Colorful corner: Pistachio house catches the eye
ADDRESS: 707 Forest Street
SIZE: 1,556 square feet
YEAR BUILT: 1945
NEIGHBORHOOD: Rose Hill
CURB APPEAL: 6 out of a possible 10
LISTED BY: Nancy Sherman of Roy Wheeler Realty Company 951-5155
While most neighborhoods in Charlottesville have already undergone a complete revamping, a few others have stayed undisturbed (so far). Driving around the Rose Hill area, one sees little evidence of the mania that has swallowed Belmont and has Fifeville in its maw. No colossal Victorians to become pet projects for developers, no groovy bungalows for the artistic– just street after street of small, post-World War 11 ranchers waiting for the axe to fall.
The streets are wide and lazy. Intersections can be navigated with just the slightest tap to the brakes. And lo and behold, sidewalks! Whatever happened to the sidewalk? While cars and bikes have displaced feet as a mode of transportation, sidewalks still seem useful. Coming up to this house evoked a pleasant 1950s feel.
Stucco painted a shade reminiscent of Oz's Wicked Witch adds visual interest compared to the beiges so popular on newer homes these days. Adding more color to the neighborhood, a house two doors down is a striking shade of pumpkin. Here, a chain link fence surrounding the house and yard provides a sense of security and relative privacy. The wide and inviting front porch has probably seen much social action thanks to the corner location.
Inside, the front room provides a mix of promise tinged with exasperation. Shiny pine floors and new windows win the "most appealing" award. The rest should garner, at least, a "good try" nod. The original three rooms downstairs– - living, dining, and kitchen– are quite serviceable. While they're certainly not grand, one could live in them while fixing up the rest.
Acoustic tiles have dropped the ceiling to somewhere around seven feet, making anyone over six feet feel gargantuan. Plaster walls, although offering superior insulation, appear to have been erected with no awareness of right angles. But these small details give the place a funhouse effect.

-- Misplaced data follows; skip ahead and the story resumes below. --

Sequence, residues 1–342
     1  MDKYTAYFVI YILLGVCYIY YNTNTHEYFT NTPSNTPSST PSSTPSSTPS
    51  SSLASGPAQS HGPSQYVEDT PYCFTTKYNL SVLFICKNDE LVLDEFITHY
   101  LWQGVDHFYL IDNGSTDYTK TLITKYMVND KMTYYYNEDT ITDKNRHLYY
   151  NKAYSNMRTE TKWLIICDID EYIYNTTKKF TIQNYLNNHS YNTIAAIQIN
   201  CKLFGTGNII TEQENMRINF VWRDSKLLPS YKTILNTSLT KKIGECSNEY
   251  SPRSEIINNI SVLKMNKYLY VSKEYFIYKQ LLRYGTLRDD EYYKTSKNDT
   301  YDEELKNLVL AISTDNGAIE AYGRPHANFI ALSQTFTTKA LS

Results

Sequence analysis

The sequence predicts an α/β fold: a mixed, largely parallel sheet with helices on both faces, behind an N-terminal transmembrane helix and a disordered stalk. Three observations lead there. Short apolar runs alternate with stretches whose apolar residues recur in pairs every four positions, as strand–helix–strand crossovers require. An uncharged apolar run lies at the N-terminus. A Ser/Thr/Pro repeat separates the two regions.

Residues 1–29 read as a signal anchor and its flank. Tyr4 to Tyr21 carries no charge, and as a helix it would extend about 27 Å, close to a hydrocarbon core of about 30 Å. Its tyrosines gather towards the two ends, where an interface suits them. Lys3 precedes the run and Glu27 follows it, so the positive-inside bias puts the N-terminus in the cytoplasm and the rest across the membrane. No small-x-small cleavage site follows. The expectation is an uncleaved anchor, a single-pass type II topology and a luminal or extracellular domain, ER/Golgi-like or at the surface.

Along the back, an addition expands the square footage considerably. Unfortunately, that's about the only nice thing to say about it. Grim and gloomy with paneled walls (even around the water heater), brown carpeting, a makeshift closet, and the tiniest bathroom (one visitor said the sink was so small he could only wash one hand at a time), it had us all beating a fast retreat. But it seems the work that needs to be done is only cosmetic, and this area could pretty easily become what it was intended to be: a family room and an extra bedroom.
Upstairs set off more alarms, although on closer inspection we found that most of the work that needs to be done also appears manageable. One problem: Up here, even a six-footer has to duck to avoid disaster. Two decent-sized bedrooms with similar wavy plaster walls could be spruced up quite easily. The full bathroom raises some interesting questions, as it appears the tub, toilet, and sink were all made for a first-grader. No matter, there's enough space to expand.
The corner location provides quite a bit of yard, with a garden spot and a shed. But frigid temperatures and three starving, abandoned cats wailing near the doorstep discouraged us from venturing further. Suffice to say, it looked nice– great for kids and cared-for pets.
All in all, it's a funky little homestead. It needs work, but at this price, what doesn't today? "Affordable housing" has become in Charlottesville one of those statements favored by the authorities but hard to find on the street. In many towns of similar size across the nation, this type of house could be had for a song; in Charlottesville, unfortunately, it might still be a stretch for a family of modest means.
One imagines the neighbors hoping that just such a family moves in and revives the front porch socials of days gone by.
PHOTOS BY JEN FARIELLO